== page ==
Dear Evan Hansen on Broadway: A Review

Last weekend I took a train from Rochester to NYC to see my friend and watch Dear Evan Hansen. I followed the hype train surrounding the show and figured after watching Natasha, Pierre and the Great Comet of 1812 on Broadway, this show had to be top-tier. I bought the soundtrack and listened to it nonstop. I have to say it’s one of the best soundtracks for a show I’ve listened to. You Will Be Found and So Big / So Small always make me cry, no matter where I am or what I’m doing. But, Dear Evan Hansen definitely is not infallible.

The show begins with the stage open, media from different social media sites are shown with the little notification sounds playing, and a bed, Evan’s, is center stage. Lights go out and brought back to see Evan sitting on his bed trying to write the letter to himself because he has very high social anxiety, so the letter is to help boost his confidence. Does Anybody Have a Map moves along, the bed disappears on its own and in comes Connor’s family. Connor doesn’t want to go to school, and his mom tries to make him but it doesn’t help that he’s high. One of my favorite things in this play honestly is the set design.

It’s very minimalistic in design, but has a lot of technological pieces. The set of the bed, kitchen table and couch are on platforms that move on stage on their own by some machination under the stage and directed from off stage. The beds for Connor and Evan is the same with just a switch of the bedding and knickknacks. I thing the couch is done somehow similar or they just used the same one for both homes. Lighting is done well, but nothing really outstanding. These pieces really help frame the music of the play.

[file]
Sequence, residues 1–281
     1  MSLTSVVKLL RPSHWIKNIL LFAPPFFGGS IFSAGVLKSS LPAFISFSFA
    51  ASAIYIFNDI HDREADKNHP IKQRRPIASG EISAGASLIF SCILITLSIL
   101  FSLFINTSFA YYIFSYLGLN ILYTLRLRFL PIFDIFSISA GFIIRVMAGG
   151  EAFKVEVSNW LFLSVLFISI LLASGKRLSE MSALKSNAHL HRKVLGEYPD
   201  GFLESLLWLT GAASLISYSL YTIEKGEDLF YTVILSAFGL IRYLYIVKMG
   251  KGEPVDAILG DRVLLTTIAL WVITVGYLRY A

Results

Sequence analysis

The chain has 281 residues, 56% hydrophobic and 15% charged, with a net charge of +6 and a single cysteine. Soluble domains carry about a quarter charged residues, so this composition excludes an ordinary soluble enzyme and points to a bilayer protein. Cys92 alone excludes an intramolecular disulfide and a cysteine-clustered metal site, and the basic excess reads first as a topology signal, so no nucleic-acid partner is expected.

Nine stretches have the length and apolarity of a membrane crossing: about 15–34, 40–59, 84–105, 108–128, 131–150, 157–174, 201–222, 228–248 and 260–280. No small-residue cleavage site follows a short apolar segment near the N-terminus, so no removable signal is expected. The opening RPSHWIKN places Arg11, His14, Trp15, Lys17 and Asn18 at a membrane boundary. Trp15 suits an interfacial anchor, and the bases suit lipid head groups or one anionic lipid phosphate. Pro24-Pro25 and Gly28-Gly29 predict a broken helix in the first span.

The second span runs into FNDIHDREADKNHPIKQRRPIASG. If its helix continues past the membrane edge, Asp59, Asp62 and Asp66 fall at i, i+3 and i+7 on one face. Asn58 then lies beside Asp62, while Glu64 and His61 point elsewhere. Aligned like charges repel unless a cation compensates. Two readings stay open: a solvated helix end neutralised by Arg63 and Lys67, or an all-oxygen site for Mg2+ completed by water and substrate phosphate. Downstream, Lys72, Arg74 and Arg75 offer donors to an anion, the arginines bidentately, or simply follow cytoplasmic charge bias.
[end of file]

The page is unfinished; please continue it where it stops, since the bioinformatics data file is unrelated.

The music is honestly one of my favorite aspects of this musical. It’s emotional. It gets you going, and knows when to bring you back down. The dynamics are amazing. The pit is in the air and towards the back of the stage which I like as a difference from the normal put in front and below the stage.

We had a stand in for our matinée performance on Saturday, his name is Michael Lee Brown, and he is such an amazing actor. Because of the character has such high anxiety, he has these small ticks like bending his ankle whenever he gets super nervous talking to someone or moving his arms in a certain way. Michael Brown kept up the same ticks throughout the entire show. I loved his performance and everyone else in the production. I liked the decision to keep Connor popping up throughout the entire play instead of just doing a voice or something after the character (Spoiler) kills himself.

Dear Evan Hansen is a good musical. Did it deserve the Tony for best musical for 2017, in my honest opinion no. After seeing Natasha, Pierre and the Great Comet of 1812, even with the ridiculousness over the Pierre fiasco, is on a whole other level. But I digress. Dear Evan Hansen is a good show to see. If you can’t afford the tickets, wait for the tour because I honestly don’t think it was worth the $270 per ticket we paid for, but that’s show business. It’ll make you laugh, cry and everything in between.

 

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